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‘Admissions’ at Stage Left Theater delves into questions of class, race and priviledge

Sept. 15, 2022 Updated Thu., Sept. 15, 2022 at 3:11 p.m.

Opening Friday at Stage Left Theater, Joshua Harmon’s “Admissions” takes a satirical approach to the white perspective of race, class, privilege and diversity.

Set in New Hampshire, the show follows Sherri (Deborah Marlowe), the self-righteous head of admissions at a second-tier (soon-to-be first-tier) preparatory boarding school, and her husband, Bill (Tom Sanderson), the school’s headmaster. Already on the path to dragging “the stodgy institution” into the 21st century, the couple fight to promote diversity in the student body.

But when their only son’s (Rhead Shirley) Ivy League dreams are threatened, chaos ensues as personal ambition and progressive values collide. Directed by Susan Hardie, the cast also features Audrey Overstreet as Ginnie and Pam Kingsley as Roberta.

Running from Sept. 16 to Oct. 2, shows are 7 p.m on Thursdays, Fridays, and Saturdays and 2 p.m. on Sundays.For information, visit stagelefttheater.org. Tickets are $25 for general admission and $20 for seniors/students/military.

Using exaggeration, irony and other satirical devices, the play aims to “expose not only the hypocrisy of this particular class of people that we’re talking about, but also allow people to laugh until they’re not laughing, and maybe start reflecting on how they fit into this world,” Hardie said.

“It’s a satire, but the people we embody and the things that we say are not too far off from the things that – I think – a lot of us think, but may not say,” Shirley said.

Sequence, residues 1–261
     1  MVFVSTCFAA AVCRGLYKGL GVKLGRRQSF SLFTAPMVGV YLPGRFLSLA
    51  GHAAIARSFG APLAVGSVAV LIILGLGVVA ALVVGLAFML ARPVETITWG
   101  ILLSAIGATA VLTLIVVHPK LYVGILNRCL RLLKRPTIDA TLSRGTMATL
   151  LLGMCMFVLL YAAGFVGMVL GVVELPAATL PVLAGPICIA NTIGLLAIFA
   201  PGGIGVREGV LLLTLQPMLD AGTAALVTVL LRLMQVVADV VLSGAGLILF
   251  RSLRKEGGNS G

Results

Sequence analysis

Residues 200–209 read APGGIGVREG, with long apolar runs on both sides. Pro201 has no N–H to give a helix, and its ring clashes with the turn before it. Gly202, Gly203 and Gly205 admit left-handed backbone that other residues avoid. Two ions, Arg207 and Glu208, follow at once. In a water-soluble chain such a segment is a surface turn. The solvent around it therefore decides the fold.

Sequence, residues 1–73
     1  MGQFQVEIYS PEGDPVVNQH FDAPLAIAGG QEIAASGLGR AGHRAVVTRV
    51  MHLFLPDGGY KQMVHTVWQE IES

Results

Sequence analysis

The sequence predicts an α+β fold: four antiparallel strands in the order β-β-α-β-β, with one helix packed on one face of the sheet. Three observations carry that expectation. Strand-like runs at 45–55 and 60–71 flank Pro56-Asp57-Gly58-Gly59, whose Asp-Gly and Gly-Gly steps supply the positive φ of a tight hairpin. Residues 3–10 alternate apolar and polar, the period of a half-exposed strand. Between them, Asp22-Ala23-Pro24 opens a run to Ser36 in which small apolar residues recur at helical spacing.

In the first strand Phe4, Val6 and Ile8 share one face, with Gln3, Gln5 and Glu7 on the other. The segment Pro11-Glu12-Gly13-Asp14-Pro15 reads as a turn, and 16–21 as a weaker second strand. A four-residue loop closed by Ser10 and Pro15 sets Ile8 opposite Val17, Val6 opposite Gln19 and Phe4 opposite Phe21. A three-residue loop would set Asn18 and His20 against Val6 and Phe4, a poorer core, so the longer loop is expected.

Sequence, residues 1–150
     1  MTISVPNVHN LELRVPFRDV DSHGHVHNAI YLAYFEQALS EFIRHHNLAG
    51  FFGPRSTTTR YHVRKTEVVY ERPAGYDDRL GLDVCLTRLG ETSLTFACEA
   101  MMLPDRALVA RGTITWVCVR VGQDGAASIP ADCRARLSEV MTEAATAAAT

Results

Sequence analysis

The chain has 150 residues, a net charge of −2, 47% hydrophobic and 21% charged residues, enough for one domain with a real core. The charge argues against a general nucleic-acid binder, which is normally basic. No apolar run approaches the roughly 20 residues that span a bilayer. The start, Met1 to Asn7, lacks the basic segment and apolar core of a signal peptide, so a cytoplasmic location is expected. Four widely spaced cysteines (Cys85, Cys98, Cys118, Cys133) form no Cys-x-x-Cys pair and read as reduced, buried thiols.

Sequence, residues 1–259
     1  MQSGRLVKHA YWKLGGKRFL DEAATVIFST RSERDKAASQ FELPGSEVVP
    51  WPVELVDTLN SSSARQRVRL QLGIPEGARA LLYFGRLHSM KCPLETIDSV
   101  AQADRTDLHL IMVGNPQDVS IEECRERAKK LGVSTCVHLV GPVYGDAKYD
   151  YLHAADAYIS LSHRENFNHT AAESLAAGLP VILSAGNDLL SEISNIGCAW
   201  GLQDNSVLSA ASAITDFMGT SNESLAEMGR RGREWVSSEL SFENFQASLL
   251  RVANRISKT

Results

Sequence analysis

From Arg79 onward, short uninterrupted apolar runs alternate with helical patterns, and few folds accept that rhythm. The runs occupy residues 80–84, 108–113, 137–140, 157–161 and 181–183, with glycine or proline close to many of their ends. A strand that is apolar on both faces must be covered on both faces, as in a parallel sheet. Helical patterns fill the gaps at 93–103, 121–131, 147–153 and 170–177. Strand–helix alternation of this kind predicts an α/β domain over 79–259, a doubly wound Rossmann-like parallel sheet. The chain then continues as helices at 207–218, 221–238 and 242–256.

“Admissions” serves as a sort of companion piece to Stage Left’s last production, “Pass Over” by Antoinette Nwandu, Hardie said. Where “Pass Over” looks at systemic racism through the eyes of a majority Black cast, “Admissions” approaches related issues from a perspective informed by white privilege, power and guilt.

In addition to race, Marlowe said, the play highlights class disparity.

“I don’t think you can just say, ‘Ooh, there’s a show about racism,’” Marlowe said. “It’s about helicopter moms, it’s about privilege based on class, because I think we forget … for a lot of people, Harvard? Yale? That’s not a question that we even consider.

“We all have our blind spots … but isn’t that what we all love about theater? It makes us think and it makes us self examine … it holds up a mirror for all of us.”

For Pam Kingsley, diving into the role of Roberta, was uncomfortable but also crucial.

“When I’m on stage, I’m her … and I say some pretty ugly things,” Kingsley said. But as a playwright herself, Kinsley takes heart in the moments where Roberta speaks truth without realizing it.

She hopes audiences enjoy the show, but leave with something more than laughter.

“My hope is that they just sit there soak it in, laugh when they feel like it, gasp when they feel like it – it’s their journey,” Kingsley said. “However, I hope they go home, and as they put their head on the pillow at night, go ‘Hmm.’ Because the more we look at it, the more we pay attention to ourselves, the better we’re going to be.”

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